NATO chief Jens Stoltenberg calls on Russia to save INF missile treaty
Stoltenberg pledged a 'measured, defensive' response if Russia did not come back into compliance with the deal by the August 2 deadline.
WASHINGTON: Time is running out to save a key missile treaty with Russia, NATO Secretary-General Jens Stoltenberg has said.
Stoltenberg pledged a "measured, defensive" response if Russia did not come back into compliance with the deal by the August 2 deadline. "We have to be prepared for a world... with more Russian missiles," he was quoted as saying to BBC.
The 1987 agreement signed by the US and USSR banned short and medium-range missiles.
US President Trump announced the US would suspend its obligations under the Intermediate-Range Nuclear Forces (INF) Treaty in February, accusing Russia of breaching its terms.
Russia denied the allegation but suspended its own obligations shortly afterwards and announced plans to develop new weapons systems.
In an interview with the BBC, Stoltenberg said the Russian missiles - which he says are in "clear violation of the treaty" - are nuclear-capable, mobile, very hard to detect, and able to reach European cities within a few minutes. "This is serious. The INF treaty has been a cornerstone in arms control for decades and now we see the demise of the treaty," he said.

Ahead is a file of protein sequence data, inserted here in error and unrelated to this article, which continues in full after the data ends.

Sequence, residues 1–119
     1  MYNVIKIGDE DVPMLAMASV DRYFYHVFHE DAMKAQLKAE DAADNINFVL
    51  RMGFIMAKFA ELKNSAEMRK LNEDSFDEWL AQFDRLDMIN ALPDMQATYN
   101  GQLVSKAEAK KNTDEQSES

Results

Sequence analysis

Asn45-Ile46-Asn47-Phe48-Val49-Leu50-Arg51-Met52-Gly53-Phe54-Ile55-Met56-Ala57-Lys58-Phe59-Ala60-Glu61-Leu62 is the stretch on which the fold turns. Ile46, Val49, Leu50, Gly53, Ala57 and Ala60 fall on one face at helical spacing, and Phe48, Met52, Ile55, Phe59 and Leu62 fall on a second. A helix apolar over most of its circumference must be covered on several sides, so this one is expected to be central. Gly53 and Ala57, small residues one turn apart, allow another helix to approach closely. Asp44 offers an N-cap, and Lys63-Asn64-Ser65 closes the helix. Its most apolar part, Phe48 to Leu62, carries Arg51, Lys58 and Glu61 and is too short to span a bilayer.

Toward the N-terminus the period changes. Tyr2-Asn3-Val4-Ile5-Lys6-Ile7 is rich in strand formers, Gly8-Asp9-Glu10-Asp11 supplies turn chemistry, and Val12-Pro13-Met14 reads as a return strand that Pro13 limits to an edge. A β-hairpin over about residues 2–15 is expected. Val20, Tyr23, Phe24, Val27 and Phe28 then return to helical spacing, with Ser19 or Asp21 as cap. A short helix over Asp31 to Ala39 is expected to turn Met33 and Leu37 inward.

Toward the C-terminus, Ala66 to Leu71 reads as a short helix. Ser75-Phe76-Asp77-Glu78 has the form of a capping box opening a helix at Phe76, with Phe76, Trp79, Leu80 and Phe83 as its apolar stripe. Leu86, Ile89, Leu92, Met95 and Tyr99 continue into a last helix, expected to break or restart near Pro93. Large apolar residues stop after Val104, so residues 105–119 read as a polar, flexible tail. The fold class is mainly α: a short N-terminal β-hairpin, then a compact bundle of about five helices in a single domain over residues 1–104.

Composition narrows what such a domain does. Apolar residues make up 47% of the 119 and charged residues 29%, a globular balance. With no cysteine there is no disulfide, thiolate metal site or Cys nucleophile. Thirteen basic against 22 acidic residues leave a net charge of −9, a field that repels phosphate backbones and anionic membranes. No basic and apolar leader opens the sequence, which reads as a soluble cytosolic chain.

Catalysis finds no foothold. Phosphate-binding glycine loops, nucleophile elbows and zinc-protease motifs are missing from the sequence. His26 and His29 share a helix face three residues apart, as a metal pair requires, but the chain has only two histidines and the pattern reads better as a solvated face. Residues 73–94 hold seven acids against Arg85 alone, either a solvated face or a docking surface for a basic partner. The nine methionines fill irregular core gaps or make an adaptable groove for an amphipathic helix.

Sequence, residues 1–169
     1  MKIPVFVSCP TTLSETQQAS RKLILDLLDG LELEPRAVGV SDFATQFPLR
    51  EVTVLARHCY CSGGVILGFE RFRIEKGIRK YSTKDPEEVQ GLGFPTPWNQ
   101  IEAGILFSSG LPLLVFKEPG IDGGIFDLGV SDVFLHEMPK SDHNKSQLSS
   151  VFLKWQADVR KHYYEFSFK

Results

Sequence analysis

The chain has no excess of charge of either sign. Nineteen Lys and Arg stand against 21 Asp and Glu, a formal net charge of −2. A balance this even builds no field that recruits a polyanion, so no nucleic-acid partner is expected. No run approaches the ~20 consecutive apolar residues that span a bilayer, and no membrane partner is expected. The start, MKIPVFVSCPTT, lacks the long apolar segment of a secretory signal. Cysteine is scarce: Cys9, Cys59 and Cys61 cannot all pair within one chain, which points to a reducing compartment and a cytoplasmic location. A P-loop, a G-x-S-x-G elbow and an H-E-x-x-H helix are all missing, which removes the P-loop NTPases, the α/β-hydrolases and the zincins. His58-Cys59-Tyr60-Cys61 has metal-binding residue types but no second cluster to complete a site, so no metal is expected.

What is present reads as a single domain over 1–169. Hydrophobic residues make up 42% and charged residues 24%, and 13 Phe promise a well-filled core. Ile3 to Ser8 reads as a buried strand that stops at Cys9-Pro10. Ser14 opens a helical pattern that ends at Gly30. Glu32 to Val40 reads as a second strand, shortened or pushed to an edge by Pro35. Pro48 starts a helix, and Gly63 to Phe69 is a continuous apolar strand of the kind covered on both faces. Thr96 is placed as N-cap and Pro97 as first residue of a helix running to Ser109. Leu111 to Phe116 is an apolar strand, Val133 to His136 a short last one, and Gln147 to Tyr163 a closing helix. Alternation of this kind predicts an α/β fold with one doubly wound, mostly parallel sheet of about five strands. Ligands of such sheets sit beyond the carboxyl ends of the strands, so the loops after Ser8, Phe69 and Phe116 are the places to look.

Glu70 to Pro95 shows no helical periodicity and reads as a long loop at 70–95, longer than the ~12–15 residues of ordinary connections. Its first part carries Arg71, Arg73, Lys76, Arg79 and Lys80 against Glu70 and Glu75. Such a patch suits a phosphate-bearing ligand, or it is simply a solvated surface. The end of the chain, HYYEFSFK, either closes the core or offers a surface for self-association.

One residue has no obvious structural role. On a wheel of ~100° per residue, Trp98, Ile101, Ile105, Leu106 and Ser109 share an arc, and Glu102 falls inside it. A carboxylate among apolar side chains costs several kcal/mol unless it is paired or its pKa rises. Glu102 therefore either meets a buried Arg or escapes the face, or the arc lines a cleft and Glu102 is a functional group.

While the priority was to get Russia to come back into compliance with its terms, Stoltenberg said there were "no signs whatsoever" the country will do so. Therefore, we have to be prepared for a world without the INF treaty and with more Russian missiles."
While NATO has no plan to deploy nuclear land-based missiles of its own in Europe, Stoltenberg said the alliance would respond in a "measured, defensive way" if Russia refused to come back into compliance by August 2.
Conventional air and missile defence, new exercises and readiness of forces, and new arms control initiatives could all form part of that response, he said. Any final decision will come after the deadline.
Stoltenberg also addressed Russia's delivery of its advanced S-400 missile defence system to a Nato member Turkey last week.
The US says it will remove Turkey from its F-35 fighter jet programme in response. Ankara has recently moved closer to Moscow, raising tensions between Turkey and the US.
"It is a serious issue because it is a serious disagreement which involves two important allies," Stoltenberg said. Nato supports efforts to resolve the disagreement, he added, while praising Turkey's key role in the organisation.